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Who should businesses hire? Underclassmen or 18 year olds?


Minimum wage means a minimum hiring age

By Abby Fleming ’20

As summer approaches, many Staples students have found themselves in search of a summer job and have been greatly disappointed by the lack of options. Due to their young age, many businesses aren’t excited to hire them. I believe due to Connecticut’s high minimum wage, these businesses are justified in their lack of interest in hiring teens.

In Connecticut the minimum wage is $10.10 hourly, and $404 a week. This may not seem like a lot, but in contrast to other states like Kentucky, North Carolina, New Hampshire, Pennsylvania and Wisconsin, which, as of February 2016, all have a minimum wage of $7.25, it is comparatively substantial.

For the money they spend on their employees, companies have a responsibility to hire the people that will do the best job. In most cases, that means hiring people over 18.

The benefits of hiring a legal adult outweighs those of hiring a high schooler. The former is likely able to drive themselves to work, hence a prompt arrival.

Contrarily, most teenagers don’t have a car. I know from experience I’ve had to cancel plans just because neither of my parents could drive me and I don’t have a license. For an employer, it would be frustrating to spend around $10 an hour paying someone who isn’t dependable. This isn’t their fault by any means, but it is the responsibility of the employer to do what’s best for their company, and hiring an unreliable teen simply isn’t advantageous.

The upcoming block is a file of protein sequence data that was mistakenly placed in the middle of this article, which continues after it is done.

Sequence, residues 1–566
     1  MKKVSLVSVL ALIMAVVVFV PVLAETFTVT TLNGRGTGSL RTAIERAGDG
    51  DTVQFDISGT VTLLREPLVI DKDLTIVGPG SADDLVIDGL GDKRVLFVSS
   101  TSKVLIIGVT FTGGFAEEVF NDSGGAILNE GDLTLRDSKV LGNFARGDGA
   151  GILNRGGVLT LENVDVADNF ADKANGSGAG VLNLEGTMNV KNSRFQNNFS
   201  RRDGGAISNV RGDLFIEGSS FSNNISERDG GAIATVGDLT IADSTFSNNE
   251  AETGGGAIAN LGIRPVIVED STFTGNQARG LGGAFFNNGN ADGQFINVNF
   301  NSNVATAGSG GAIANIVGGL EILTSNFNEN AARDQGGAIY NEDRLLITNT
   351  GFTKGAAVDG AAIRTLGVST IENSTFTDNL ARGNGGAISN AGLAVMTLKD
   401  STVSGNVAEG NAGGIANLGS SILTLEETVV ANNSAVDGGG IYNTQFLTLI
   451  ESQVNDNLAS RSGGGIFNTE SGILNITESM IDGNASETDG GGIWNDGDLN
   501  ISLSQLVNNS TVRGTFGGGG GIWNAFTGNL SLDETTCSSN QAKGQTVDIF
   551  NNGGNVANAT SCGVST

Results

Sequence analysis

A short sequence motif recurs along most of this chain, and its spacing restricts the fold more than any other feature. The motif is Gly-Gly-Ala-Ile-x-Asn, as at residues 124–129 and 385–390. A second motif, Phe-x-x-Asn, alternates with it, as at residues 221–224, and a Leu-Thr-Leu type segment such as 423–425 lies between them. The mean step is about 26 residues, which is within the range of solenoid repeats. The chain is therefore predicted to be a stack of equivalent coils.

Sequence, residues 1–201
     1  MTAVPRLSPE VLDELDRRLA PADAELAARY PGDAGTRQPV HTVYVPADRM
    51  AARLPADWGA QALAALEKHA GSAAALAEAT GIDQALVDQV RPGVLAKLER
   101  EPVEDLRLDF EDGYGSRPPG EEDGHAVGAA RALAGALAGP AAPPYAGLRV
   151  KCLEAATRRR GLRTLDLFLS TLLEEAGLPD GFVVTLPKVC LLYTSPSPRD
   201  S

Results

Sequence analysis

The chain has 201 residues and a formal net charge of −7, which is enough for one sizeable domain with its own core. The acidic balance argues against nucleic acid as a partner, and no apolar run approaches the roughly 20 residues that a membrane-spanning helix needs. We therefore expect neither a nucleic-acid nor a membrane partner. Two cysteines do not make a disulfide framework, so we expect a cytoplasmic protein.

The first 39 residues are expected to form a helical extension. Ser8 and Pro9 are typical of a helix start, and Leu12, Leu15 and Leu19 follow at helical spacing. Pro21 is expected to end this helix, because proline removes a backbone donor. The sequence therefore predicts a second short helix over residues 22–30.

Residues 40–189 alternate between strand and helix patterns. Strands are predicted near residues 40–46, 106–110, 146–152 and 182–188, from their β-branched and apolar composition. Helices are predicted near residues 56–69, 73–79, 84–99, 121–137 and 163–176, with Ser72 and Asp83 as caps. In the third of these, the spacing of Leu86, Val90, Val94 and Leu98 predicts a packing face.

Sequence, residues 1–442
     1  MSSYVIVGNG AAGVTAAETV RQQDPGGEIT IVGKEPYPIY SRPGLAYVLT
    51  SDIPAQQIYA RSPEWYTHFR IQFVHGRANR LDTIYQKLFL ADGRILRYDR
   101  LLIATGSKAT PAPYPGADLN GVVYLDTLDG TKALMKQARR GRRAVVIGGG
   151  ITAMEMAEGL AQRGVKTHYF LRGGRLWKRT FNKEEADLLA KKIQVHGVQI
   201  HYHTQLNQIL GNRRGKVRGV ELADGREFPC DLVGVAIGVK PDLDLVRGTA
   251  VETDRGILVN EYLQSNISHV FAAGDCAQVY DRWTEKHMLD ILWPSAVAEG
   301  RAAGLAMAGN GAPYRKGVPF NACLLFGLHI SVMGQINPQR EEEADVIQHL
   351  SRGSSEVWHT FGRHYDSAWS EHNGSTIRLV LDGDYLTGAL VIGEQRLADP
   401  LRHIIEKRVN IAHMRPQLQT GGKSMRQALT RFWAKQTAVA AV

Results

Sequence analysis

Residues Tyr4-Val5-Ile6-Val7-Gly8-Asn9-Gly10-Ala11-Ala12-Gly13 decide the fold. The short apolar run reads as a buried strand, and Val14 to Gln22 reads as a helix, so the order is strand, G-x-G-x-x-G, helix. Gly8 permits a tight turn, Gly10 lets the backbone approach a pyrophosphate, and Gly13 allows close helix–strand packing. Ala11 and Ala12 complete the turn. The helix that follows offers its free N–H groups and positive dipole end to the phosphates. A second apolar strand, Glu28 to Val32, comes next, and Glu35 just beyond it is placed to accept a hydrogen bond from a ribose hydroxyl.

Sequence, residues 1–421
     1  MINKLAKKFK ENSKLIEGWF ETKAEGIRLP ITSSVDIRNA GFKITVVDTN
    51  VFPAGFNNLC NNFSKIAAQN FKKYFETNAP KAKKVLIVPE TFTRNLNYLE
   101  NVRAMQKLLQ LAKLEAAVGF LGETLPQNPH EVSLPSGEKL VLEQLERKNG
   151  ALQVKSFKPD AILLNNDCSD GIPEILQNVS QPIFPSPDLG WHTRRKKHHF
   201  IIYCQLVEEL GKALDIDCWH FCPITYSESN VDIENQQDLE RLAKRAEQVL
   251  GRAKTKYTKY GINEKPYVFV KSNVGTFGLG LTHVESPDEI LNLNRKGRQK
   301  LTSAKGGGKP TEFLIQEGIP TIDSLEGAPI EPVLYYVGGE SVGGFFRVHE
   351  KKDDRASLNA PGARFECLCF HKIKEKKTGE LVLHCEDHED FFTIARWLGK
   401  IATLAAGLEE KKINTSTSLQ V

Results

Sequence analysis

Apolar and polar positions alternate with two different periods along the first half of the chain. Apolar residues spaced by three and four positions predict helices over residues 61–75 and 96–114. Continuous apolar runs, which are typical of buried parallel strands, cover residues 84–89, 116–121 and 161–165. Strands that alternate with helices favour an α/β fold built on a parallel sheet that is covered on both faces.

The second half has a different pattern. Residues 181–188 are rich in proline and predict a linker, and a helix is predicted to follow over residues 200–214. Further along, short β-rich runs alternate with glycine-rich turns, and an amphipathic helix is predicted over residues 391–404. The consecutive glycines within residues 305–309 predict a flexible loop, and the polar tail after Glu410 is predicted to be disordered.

It is in the best interest of the company to hire someone over 18. It’s common sense to hire the more qualified and reliable candidate.

We need more leniency when hiring teens

By Mia Daignault ’20

I’ve spent 15 years of watching my parents make a living. My parents make money to bring me out to breakfast, lunch and dinner, pay the bills and provide a roof over my head. It’s been 15 years of tranquility for me. But now that I am going to be a junior in high school, I shouldn’t have to be entirely dependent upon my parents anymore.

This summer should be my chance to be independent and show some responsibility, but it is nearly impossible when almost all of the businesses in Westport prohibit kids my age from working. Entering junior year, I still have to be babied by my parents in the sense that I have no income and no understanding of what it’s like to maintain a living. This has to end.  In fact, according to Stacey Schifferdecker, having a job heightens teens’ life skills, independence, responsibility and career experience.

The simple solution to this is to call up employers for a job, but that simple solution is rendered ineffective when I’ve tried it all. Businesses don’t care about what I have to say.  All they care about is my age. If you’re 18, you’re hired. If not, you’re out of luck.

Stores are discriminatory towards students not yet 18, which has limited the opportunities I am able to receive.

How can teens gain responsibility and set themselves up for the future? Whether I am 15 years old or 40 years old, I should not have to wait to introduce myself to the workplace and the real world.

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